Then one day a pink-wrapped bundle entered our home. With her came a crib, stroller, high chair, and a flood of books. Now I stalked the children's section of the used book sales. I looked for old books in which girls still wore dresses and wholesome family values reigned. The children and I curled up on the couch with a stack of books and read until I was hoarse. I could quote Make Way for Ducklings in my sleep and wore out copies for Cars and Trucks and Things that Go, but I loved story time with my children. As years past, The Story of Ping and picture books changed to Treasures of the Snow and other chapter books. My children learned that I was a sucker for “just one more chapter.” We traveled around the world and through history blinking back tears and sharing laughter.

A few years later it exploded. Our choice to homeschool was the Big Bang which laid down layers of history, science, and art books. Biographies, historical fiction, textbooks, and nature guides emerged to trip anyone who dared walk to the bathroom at night without turning on the light.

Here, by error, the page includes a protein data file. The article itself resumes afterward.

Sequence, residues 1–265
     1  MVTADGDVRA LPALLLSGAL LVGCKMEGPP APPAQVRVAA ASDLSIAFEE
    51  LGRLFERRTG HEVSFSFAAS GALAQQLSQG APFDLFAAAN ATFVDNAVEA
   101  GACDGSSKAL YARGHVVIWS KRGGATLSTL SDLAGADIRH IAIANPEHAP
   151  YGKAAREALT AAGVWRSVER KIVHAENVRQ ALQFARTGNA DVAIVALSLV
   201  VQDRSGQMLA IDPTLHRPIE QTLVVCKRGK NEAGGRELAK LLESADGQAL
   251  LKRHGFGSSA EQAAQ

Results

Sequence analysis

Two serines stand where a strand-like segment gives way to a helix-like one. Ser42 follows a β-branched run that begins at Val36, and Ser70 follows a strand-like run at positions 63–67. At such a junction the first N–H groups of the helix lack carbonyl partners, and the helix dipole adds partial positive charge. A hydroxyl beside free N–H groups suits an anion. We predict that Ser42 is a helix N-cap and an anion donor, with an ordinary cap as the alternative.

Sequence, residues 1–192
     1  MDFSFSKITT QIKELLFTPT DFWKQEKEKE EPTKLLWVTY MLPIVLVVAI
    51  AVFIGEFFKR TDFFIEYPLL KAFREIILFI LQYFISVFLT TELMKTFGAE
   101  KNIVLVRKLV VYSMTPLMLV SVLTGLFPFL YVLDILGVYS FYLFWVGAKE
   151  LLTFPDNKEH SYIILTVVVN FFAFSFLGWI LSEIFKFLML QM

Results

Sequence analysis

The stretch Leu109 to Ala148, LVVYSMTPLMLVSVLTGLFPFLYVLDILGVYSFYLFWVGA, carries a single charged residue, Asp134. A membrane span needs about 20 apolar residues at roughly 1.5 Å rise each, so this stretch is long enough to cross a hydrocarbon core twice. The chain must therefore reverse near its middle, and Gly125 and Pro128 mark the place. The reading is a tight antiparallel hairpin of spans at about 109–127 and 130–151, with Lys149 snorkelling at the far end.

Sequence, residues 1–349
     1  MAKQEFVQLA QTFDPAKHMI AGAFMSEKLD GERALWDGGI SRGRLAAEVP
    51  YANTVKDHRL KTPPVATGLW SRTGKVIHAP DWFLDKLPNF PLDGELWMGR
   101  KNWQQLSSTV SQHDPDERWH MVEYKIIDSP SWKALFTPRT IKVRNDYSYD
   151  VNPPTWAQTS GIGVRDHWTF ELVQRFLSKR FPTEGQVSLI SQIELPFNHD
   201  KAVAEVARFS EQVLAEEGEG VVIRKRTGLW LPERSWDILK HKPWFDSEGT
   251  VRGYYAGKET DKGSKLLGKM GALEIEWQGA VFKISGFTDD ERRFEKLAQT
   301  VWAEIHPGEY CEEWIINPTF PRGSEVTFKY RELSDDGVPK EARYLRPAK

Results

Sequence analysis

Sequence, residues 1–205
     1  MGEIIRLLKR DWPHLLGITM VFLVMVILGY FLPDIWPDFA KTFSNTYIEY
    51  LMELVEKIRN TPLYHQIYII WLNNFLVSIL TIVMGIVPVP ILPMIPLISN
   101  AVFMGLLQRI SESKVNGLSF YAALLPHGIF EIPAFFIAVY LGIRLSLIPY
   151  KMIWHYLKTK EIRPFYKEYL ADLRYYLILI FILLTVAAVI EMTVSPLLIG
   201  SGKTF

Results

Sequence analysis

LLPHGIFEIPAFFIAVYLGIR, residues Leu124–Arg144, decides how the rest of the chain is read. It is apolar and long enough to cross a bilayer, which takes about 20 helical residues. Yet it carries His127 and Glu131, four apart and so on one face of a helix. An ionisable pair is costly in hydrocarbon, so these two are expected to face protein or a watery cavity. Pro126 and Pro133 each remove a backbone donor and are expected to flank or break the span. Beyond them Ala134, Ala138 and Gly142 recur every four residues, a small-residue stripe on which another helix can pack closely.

Now I had help spotting treasures at used book sales and there were more birthdays where books were the perfect gift. Our living room sprouted bookshelves until it looked like a library. We added book shelves to the children's rooms. We hauled our least favorite books to the attic. And still there wasn't enough space.

I decided to get tough. Ruthless. A quick count found well over two thousand books on our shelves. Surely we couldn't be reading all those books. I would purge out the unneeded volumes and regain control of our collection.

I attacked a shelf of older books. A layer of dusk proved their lack of use. I flipped open the flyleaf and found my name—my maiden name. I had been married a dozen years; these books belonged to me even longer and were still unread. This would be easy. Find every unread book with my maiden name and discard it. If I hadn't read the book in a dozen years I probably wasn't going to read it ever.

Of course, I wasn't going to burn the books, just add them to our local used book sale and bless some other book lover. Or maybe trade it on Paperback Swap for - um - more books.